Searching over 5,500,000 cases.


searching
Buy This Entire Record For $7.95

Download the entire decision to receive the complete text, official citation,
docket number, dissents and concurrences, and footnotes for this case.

Learn more about what you receive with purchase of this case.

POLINELLI v. UNION SUPPLY COMPANY (05/02/61)

May 2, 1961

POLINELLI
v.
UNION SUPPLY COMPANY, APPELLANT.



Appeal, No. 270, March T., 1960, from judgment of Court of Common Pleas of Westmoreland County, Oct. T., 1954, No. 66, in case of Mary E. Polinelli et vir v. Clyde Hileman et al. Judgment affirmed; reargument refused May 24, 1961.

COUNSEL

B. Patrick Costello, with him Robert W. Wertz, and Smith, Best and Horn, for appellant.

John D. Lyons, Jr., with him Avra N. Pershing, Jr., Henry E. Shaw, and Scales and Shaw, for appellees.

Before Jones, C.j., Bell, Musmanno, Jones, Cohen, Bok and Eagen, JJ.

Author: Eagen

[ 403 Pa. Page 549]

OPINION BY MR. JUSTICE EAGEN.

The plaintiffs, Mary E. Polinelli and Arthur A. Polinelli, her husband, sued the defendants, Clyde Hileman, an individual, and Union Supply Company, a corporation (hereinafter referred to as Union), to recover for personal injuries suffered by the wife-plaintiff through alleged negligence of the defendants. The verdict of the jury awarded the wife-plaintiff the sum of $15,500 against the corporate-defendant, Union, and found in favor of the defendant, Hileman. Motions for judgment non obstante veredicto and a new trial were dismissed. From the judgment entered on the verdict, Union appeals.

In considering the merits of the motion for judgment non obstante veredicto, the testimony must be read in the light most advantageous to the jury winner: Titusville Trust Co. v. Johnson, 375 Pa. 493, 100 A.2d 93 (1953); Borzik v. Miller, 399 Pa. 293, 159 A.2d 741 (1960). Viewed in this light, the record discloses that the jury could find the following facts: Union was engaged in building and selling houses on a tract of land which it owned. It entered into a contract with the defendant, Hileman, to furnish the carpentry work necessary in the construction. Others were engaged to do the plumbing, the heating, the electrical work and the other necessary portions of the finished houses. No general contractor was employed. Union's employees supervised the work as a whole.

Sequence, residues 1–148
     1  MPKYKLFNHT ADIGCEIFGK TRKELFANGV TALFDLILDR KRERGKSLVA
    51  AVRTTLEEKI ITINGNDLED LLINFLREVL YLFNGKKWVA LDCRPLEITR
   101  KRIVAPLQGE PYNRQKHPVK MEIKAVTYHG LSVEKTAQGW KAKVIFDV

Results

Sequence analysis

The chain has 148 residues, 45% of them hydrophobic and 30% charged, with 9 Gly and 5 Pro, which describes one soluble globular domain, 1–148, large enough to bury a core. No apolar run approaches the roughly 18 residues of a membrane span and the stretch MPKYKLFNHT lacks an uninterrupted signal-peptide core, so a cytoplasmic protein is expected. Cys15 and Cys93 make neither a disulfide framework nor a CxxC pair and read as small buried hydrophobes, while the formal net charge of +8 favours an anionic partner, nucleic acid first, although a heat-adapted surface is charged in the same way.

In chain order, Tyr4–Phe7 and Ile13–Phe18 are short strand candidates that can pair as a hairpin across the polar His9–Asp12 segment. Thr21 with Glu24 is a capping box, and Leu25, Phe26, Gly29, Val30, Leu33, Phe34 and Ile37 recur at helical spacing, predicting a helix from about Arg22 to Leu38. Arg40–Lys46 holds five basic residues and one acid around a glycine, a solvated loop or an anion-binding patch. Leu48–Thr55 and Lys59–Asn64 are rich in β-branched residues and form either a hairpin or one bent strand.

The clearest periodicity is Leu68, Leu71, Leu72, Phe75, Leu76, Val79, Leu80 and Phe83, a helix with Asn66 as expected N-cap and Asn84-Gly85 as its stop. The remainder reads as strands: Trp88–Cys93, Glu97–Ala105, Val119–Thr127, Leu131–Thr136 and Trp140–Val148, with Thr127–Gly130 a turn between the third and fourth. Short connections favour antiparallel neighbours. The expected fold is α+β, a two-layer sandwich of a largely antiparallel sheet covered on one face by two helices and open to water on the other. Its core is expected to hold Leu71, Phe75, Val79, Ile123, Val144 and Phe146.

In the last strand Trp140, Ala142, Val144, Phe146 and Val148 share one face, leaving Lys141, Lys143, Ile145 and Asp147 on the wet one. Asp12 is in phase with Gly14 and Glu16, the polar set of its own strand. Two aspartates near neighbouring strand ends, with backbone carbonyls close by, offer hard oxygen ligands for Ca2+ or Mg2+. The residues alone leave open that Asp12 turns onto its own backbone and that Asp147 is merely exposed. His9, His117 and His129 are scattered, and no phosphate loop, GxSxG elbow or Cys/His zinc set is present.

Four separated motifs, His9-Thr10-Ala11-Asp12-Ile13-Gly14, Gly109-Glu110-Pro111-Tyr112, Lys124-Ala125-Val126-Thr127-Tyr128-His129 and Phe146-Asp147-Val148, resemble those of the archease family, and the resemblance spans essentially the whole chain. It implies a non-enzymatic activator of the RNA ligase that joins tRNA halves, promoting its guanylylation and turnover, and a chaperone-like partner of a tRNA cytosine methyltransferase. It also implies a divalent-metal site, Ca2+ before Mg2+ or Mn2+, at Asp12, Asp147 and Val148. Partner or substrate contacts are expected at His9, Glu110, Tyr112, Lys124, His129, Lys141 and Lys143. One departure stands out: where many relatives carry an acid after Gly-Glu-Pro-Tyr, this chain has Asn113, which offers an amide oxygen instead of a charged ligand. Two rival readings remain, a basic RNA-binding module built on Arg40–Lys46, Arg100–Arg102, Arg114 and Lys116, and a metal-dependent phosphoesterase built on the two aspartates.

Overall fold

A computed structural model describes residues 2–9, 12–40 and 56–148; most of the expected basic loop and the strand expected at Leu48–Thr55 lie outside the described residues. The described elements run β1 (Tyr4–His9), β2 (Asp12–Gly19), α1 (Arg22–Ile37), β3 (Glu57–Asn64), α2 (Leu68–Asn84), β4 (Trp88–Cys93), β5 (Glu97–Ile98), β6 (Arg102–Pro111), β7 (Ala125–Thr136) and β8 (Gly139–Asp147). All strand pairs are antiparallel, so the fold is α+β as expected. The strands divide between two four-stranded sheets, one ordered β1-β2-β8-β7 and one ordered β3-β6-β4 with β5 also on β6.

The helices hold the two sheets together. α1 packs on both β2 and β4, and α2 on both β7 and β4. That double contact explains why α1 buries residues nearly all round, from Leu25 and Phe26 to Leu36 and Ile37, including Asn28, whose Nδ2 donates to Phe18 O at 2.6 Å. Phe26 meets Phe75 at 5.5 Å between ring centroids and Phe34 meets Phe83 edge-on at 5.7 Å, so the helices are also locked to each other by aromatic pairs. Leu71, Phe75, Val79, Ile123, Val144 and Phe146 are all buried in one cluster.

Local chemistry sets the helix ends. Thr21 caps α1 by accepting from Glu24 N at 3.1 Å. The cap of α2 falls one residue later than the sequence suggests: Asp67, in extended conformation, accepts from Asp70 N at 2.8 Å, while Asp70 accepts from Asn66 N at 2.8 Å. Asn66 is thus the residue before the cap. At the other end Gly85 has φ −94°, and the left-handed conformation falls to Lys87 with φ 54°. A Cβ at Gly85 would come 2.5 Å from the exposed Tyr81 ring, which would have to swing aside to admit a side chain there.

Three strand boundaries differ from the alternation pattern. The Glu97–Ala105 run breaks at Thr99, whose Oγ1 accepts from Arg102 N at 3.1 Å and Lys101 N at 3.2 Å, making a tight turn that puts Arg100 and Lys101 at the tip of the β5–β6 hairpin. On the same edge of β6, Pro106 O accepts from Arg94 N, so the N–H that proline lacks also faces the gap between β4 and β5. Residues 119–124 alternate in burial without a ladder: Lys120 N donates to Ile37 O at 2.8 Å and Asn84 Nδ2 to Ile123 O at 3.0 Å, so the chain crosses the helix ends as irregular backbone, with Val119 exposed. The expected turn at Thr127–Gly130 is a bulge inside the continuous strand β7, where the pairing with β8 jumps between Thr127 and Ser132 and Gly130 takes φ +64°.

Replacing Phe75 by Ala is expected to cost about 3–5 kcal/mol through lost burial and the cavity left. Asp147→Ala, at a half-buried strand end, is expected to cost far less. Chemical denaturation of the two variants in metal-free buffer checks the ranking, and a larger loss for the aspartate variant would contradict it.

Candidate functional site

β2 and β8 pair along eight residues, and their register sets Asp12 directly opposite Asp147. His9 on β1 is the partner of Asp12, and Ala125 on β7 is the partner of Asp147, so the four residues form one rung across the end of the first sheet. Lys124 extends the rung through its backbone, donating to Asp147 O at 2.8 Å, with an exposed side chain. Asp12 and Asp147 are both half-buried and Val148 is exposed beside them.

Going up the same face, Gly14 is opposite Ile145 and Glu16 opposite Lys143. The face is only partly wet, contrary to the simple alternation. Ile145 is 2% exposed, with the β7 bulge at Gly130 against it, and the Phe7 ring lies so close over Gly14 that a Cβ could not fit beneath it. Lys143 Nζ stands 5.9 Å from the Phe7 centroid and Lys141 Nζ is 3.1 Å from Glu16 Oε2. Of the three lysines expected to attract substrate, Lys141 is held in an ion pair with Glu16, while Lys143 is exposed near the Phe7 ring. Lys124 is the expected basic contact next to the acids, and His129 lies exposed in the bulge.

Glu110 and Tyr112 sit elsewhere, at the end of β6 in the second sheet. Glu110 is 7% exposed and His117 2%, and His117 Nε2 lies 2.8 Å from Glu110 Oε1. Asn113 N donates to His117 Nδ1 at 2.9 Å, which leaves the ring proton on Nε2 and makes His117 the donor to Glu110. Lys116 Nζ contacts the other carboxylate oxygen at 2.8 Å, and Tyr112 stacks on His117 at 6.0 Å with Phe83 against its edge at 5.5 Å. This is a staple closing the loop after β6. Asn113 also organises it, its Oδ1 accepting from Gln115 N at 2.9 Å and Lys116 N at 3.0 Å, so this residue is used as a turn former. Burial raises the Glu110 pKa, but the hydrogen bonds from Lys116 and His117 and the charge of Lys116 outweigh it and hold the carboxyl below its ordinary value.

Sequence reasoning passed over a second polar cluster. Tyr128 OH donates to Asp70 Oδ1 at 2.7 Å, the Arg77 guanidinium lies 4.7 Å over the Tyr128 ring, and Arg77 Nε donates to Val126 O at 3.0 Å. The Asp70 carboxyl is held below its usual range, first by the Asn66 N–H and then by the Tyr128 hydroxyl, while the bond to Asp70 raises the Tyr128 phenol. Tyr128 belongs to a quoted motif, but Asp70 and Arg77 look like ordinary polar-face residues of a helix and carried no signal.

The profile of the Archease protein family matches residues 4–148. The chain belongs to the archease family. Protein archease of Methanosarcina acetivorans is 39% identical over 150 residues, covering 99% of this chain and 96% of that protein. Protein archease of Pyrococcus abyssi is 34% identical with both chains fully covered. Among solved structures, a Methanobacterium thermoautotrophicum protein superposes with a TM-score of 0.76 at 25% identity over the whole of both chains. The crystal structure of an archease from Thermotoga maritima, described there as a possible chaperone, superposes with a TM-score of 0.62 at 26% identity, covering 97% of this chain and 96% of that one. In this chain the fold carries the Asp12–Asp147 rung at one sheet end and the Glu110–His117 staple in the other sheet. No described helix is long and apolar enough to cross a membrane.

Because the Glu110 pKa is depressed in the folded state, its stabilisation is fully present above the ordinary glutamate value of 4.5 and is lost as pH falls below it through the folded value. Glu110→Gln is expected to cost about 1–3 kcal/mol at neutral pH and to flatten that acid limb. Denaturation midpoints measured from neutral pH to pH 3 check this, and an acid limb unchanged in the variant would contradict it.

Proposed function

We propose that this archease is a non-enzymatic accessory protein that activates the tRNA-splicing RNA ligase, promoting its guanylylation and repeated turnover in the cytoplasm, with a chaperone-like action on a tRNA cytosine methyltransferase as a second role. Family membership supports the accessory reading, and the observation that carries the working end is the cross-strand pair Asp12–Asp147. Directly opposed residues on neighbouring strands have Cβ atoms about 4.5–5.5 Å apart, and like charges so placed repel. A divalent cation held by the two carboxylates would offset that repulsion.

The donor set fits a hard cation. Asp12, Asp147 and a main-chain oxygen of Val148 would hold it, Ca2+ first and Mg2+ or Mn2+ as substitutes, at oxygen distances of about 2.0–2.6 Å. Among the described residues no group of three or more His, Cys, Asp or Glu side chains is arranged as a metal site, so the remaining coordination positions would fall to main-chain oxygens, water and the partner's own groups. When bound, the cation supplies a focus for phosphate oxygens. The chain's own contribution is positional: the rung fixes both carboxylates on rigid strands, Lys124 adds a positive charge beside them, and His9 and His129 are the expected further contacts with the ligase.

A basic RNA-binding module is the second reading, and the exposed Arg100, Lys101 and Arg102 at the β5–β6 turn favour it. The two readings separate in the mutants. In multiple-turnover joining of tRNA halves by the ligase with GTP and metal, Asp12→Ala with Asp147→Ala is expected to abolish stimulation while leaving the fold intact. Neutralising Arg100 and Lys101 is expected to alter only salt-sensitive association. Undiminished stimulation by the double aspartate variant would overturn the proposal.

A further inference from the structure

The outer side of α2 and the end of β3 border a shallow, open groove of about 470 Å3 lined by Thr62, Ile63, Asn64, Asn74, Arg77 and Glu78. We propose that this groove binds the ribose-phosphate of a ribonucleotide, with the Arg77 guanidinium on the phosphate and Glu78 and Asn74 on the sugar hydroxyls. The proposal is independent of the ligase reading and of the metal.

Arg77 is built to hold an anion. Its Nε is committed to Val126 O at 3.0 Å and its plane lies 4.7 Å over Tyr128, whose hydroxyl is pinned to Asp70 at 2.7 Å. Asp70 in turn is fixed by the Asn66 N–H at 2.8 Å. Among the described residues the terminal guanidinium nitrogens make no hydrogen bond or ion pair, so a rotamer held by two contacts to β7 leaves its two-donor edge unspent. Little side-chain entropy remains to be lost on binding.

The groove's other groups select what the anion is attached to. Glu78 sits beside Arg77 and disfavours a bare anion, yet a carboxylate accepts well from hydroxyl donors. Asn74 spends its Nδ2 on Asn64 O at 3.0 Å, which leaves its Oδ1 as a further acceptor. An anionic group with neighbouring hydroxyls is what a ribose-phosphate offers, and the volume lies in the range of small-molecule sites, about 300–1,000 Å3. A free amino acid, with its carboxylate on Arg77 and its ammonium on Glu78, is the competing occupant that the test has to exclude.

The plaintiffs signed a sales order to buy one of these houses. Before the execution and acceptance of the order, the wife-plaintiff informed the sales representative of Union that certain changes would be necessary in the plans and specifications of the kitchen in order to make possible the installation of their present gas refrigerator and gas stove. Union's representative assured her that the changes would be made. Union contacted Hileman and directed him to discuss the proposed

[ 403 Pa. Page 550]

    changes with the purchasers. Accordingly, Hileman sought out Mrs. Polinelli and arranged to meet with her at the property on a certain day and hour for this purpose. When she arrived, Hileman was not yet there. Men were working in the house; she knocked at the door and was invited inside. This was her first visit to the premises. She walked through the living room, where carpenters, employees of Hileman, were laying flooring, into the kitchen. Here three men were busy covering the floor with linoleum. These were employees of Union. As she entered, there was a "carpenter's horse" standing perpendicularly in the doorway between the living room and the kitchen. There was room for her to walk around it. Because she was in the way of the work being done in the kitchen, she remained there only a few minutes and started to retrace her steps back into the living room. An employee of Hileman was, at the moment, sawing hardwood flooring on the "carpenter's horse" in the doorway. As she walked behind him his arm bumped her, threw her off balance causing her left leg to fall into an open and unguarded register opening. She was seriously injured. This open hole had existed for a period of four or five days previously and was located in the living room floor seven inches from the doorway leading to the kitchen. When the wife-plaintiff first entered the kitchen, it (the hole) was hidden from view by a covering of hardwood flooring and tools. She did not see it and was not aware of its existence.

In the construction of the houses, Hileman came into contact, at least four or five times every day, with one Frank Barron, field manager for Union. The latter told Hileman when to begin and where to build the houses. He also directed how the work was to be done, specified the materials to be used and offered general supervision. Hileman ...


Buy This Entire Record For $7.95

Download the entire decision to receive the complete text, official citation,
docket number, dissents and concurrences, and footnotes for this case.

Learn more about what you receive with purchase of this case.